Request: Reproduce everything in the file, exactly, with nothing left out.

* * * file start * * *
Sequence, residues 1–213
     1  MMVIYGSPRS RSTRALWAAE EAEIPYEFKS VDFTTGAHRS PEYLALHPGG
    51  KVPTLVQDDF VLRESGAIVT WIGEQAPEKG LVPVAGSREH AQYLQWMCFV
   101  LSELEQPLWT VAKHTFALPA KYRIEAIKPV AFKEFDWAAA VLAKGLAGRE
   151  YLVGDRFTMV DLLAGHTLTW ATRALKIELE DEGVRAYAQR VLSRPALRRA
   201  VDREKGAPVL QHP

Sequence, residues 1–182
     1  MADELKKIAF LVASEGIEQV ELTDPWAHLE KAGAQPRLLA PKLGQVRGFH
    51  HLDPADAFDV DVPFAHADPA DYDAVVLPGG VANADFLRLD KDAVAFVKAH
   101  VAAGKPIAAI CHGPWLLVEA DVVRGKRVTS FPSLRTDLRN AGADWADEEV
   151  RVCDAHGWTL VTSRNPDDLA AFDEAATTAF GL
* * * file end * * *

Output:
Sequence, residues 1–213
     1  MMVIYGSPRS RSTRALWAAE EAEIPYEFKS VDFTTGAHRS PEYLALHPGG
    51  KVPTLVQDDF VLRESGAIVT WIGEQAPEKG LVPVAGSREH AQYLQWMCFV
   101  LSELEQPLWT VAKHTFALPA KYRIEAIKPV AFKEFDWAAA VLAKGLAGRE
   151  YLVGDRFTMV DLLAGHTLTW ATRALKIELE DEGVRAYAQR VLSRPALRRA
   201  VDREKGAPVL QHP

Sequence, residues 1–182
     1  MADELKKIAF LVASEGIEQV ELTDPWAHLE KAGAQPRLLA PKLGQVRGFH
    51  HLDPADAFDV DVPFAHADPA DYDAVVLPGG VANADFLRLD KDAVAFVKAH
   101  VAAGKPIAAI CHGPWLLVEA DVVRGKRVTS FPSLRTDLRN AGADWADEEV
   151  RVCDAHGWTL VTSRNPDDLA AFDEAATTAF GL